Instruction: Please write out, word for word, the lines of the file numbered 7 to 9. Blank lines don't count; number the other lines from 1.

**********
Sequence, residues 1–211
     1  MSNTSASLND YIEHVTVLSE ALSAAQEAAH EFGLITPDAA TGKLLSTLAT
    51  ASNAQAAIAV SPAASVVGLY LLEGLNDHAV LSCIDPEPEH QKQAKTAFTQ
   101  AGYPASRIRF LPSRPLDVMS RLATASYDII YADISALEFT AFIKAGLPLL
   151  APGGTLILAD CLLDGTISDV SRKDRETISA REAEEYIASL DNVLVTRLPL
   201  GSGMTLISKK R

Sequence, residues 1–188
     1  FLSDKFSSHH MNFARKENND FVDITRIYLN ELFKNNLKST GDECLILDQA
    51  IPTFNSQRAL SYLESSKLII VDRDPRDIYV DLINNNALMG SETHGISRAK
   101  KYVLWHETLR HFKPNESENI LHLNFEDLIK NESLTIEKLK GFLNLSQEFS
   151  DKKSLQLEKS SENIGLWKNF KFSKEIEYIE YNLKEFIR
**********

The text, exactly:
Sequence, residues 1–188
     1  FLSDKFSSHH MNFARKENND FVDITRIYLN ELFKNNLKST GDECLILDQA
    51  IPTFNSQRAL SYLESSKLII VDRDPRDIYV DLINNNALMG SETHGISRAK